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Eye on France: Why Bernard-Henri Lévy won’t wear a yellow vest

15 minutes ago | Europe Eye on France: Why Bernard-Henri Lévy won't wear a yellow vest By Michael Fitzpatrick – RFI © RFI/Sébastien Bonijol

The yellow vest protest movement is in serious trouble! That's because the French intellectual Bernard-Henri Lévy is on their case, and, in today's financial paper Les Echos, he's pontificating about the unfortunates currently getting cold, damp and depressed on the nation's roundabouts and roadblocks.

Bernard-Henri has no doubt about the ultimate value of the movement: bending the knee to the yellow vests is finally, he says, grotesque.

Bernard-Henri is in the news at the moment because he's about to launch a 22-date speaking tour, visiting European cities to preach about the need for a new vision of the Old Continent's long-term future. He kicks off in Milan in March.

He's doing it, he says, because in France and several of the neighbours, the rise of populism poses a dangerous threat to the very idea of democracy. Bernard-Henri Lévy plans to save us from the nastier fringes of the far right.

That's good. Against those guys, we could all do with some help. But what's his problem with the poor old gilets jaunes? He's been against them from the start.

A social movement going in the wrong direction

“It's a real social movement,” Bernard-Henri Lévy admits, “but it's one driven by sad, mortifying and destructive forces.”

This, he says, is frequent in contemporary history. Genuine popular revolts based on real problems and suffering finally find expression in a language and in forms of action which are completely anti-democratic.

That's when dudes like Bernard-Henri show their true worth. They stand up and ask to be counted. No enthusiastic drifting along with the masses for them.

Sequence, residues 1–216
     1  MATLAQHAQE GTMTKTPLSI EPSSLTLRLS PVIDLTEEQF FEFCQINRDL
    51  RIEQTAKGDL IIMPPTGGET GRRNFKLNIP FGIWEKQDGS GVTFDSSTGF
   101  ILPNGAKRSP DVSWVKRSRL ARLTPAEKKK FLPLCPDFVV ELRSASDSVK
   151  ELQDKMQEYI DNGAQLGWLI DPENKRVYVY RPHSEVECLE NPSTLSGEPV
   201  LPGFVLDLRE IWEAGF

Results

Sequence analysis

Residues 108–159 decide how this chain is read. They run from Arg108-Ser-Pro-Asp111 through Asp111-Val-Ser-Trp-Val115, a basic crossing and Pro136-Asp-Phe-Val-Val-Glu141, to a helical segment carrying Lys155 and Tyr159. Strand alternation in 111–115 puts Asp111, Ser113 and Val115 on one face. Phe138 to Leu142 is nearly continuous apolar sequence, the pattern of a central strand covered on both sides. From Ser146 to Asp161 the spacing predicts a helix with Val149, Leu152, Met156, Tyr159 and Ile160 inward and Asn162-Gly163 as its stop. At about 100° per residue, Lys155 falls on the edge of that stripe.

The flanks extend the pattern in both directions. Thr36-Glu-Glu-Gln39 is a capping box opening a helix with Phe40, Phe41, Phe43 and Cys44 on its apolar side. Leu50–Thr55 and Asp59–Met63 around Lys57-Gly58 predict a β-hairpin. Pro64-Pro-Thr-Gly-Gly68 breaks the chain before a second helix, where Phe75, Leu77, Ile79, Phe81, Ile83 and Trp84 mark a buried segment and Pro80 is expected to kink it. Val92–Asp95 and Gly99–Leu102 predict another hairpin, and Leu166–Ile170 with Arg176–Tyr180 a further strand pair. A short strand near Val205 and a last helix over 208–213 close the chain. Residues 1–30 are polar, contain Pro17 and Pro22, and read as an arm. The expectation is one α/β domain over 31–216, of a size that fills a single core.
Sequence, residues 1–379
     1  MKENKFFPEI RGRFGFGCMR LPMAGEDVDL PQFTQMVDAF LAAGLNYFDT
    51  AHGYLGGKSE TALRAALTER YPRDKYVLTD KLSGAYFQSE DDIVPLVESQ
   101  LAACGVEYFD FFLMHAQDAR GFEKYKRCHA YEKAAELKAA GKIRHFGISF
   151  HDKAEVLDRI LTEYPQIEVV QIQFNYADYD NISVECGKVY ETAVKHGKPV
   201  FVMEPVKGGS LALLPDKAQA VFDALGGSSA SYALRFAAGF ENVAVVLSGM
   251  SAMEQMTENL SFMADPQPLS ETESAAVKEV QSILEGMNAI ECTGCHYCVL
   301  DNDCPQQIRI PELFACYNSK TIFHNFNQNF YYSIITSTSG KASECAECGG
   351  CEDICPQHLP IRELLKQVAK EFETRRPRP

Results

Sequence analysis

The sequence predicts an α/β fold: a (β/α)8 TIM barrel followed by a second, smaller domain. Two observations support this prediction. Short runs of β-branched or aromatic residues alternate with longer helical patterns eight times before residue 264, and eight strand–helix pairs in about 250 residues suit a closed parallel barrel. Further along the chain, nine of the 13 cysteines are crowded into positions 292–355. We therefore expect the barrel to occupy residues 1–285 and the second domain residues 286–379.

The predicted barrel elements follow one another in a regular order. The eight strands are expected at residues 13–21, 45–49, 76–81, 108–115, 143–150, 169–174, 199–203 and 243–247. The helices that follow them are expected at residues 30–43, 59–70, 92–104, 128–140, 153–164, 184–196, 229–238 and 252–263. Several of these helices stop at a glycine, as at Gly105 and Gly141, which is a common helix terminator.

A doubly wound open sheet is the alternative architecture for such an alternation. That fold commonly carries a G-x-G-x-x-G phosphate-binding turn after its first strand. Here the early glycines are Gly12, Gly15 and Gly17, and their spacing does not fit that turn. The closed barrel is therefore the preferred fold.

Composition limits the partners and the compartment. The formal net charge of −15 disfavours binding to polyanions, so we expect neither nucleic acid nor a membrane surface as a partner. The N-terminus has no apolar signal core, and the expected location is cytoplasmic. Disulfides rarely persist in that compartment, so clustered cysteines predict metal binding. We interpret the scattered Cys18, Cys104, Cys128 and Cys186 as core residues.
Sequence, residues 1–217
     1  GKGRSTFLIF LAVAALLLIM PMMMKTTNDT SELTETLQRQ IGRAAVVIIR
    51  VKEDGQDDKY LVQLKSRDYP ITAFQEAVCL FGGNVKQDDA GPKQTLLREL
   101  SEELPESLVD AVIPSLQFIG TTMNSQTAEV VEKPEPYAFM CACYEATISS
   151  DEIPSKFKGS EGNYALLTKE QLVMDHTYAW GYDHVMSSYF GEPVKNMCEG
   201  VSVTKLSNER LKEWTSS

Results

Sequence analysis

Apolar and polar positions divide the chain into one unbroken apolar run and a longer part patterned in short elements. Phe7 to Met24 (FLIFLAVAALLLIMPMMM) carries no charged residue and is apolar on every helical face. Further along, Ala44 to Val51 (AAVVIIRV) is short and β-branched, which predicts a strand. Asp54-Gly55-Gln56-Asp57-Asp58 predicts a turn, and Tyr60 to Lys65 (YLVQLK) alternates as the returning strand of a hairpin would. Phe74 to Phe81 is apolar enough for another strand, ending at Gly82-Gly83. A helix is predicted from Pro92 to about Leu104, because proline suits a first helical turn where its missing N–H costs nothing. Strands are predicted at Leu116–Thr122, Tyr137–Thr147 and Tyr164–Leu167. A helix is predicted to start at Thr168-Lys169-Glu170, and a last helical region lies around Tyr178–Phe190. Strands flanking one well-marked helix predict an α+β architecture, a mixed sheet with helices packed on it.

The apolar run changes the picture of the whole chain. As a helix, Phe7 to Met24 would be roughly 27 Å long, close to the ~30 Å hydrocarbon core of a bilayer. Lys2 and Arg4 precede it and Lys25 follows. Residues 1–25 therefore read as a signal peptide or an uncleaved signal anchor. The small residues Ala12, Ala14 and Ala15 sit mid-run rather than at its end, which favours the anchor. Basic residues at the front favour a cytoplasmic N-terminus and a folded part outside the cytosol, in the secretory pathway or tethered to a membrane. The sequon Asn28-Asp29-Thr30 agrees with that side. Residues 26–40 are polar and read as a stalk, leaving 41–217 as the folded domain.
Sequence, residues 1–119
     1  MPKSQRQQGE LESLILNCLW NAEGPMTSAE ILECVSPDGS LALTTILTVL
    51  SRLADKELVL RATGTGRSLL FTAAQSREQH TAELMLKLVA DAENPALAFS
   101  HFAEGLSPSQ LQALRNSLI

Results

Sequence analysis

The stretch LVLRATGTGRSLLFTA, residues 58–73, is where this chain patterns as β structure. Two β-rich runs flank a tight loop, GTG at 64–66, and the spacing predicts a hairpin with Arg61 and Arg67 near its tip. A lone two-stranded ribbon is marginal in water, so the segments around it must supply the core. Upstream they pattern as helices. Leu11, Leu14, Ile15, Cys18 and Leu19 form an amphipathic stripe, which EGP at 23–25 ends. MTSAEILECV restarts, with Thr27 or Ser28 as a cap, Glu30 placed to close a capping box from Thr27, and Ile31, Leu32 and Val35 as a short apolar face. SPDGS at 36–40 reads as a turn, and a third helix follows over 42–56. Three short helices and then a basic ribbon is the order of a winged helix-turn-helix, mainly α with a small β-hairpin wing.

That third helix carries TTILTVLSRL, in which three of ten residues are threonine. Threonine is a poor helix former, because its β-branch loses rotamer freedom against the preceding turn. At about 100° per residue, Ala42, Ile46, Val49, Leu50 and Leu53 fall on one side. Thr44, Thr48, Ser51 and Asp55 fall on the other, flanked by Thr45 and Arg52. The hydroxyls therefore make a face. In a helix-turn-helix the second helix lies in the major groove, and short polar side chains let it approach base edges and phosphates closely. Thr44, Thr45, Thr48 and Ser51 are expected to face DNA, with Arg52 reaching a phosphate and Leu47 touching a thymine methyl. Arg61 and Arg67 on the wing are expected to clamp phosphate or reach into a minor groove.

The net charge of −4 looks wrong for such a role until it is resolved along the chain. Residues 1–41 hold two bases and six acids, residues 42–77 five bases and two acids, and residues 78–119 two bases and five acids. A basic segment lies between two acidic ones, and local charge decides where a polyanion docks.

They are among the few with the courage to say “yes” to social reform, “yes” to anything that leads to greater equality, but “no” when the talk turns to marching on the presidential residence at the Elysée Palace, or vandalising public property, or attacking police officers.

And the worst of all, according to Bernard-Henri, is the astonishing level of public forgiveness which has greeted such acts of violence.

Yellow vests and other uniforms of terrorism

And that form of acceptance of what is simply criminality is, Ben further explains, because the yellow vests are fundamentally a terrorist movement.

This is another frequently remarked element of contemporary history: those who represent the “people” or, worse, the “proletariat,” come together briefly to demand to be heard. Well, they got heard.

The president said it on national television. There's going to be an endless bloody debate. And what happens? The yellow vests, as understood by Bernard-Henri, say “No, that's not what we really asked for. In fact, we want more, or less, but certainly different.” He thinks that the yellow vest are a historical regression by comparison with the great workers' movements of the past.

So what does intellectual Ben the writer think of the widening social gap which separates him and the rest of the French élite from the rest of the Republic?

It's an exaggeration. He tells the interviewer at Les Echos that, in fact, the so-called élites actually got listened to. Because they were suggesting solutions. He can think of no similar movement in which bosses, state officials and others in positions of power made such a genuine effort to bridge a class divide, heal the social wounds.

Damn the demagogues!
The real bad guys were the extremists behind Marine Le Pen and Jean-Luc Mélenchon, and others who called for murder and mayhem.

The options were simple: there were those who tried to lead the public energy and anger in a legal and reasonable way, so as to improve the lot of those who really need the help. And there were the others who, without caring a damn for the real needs of the protestors, simply used the anger to promote their own interests.

And it will probably come as no surprise that Bernard-Henri Lévy is against any form of citizens' referendum.

Politics is too complicated, he says. Any question which can be answered by a simple “yes” or “no” on a ballot paper is not worth asking in the first place. Anyone who believes otherwise is either an idiot or a criminal. Look, he say, at what happened with Brexit.

The man, you have to admit, has a point.

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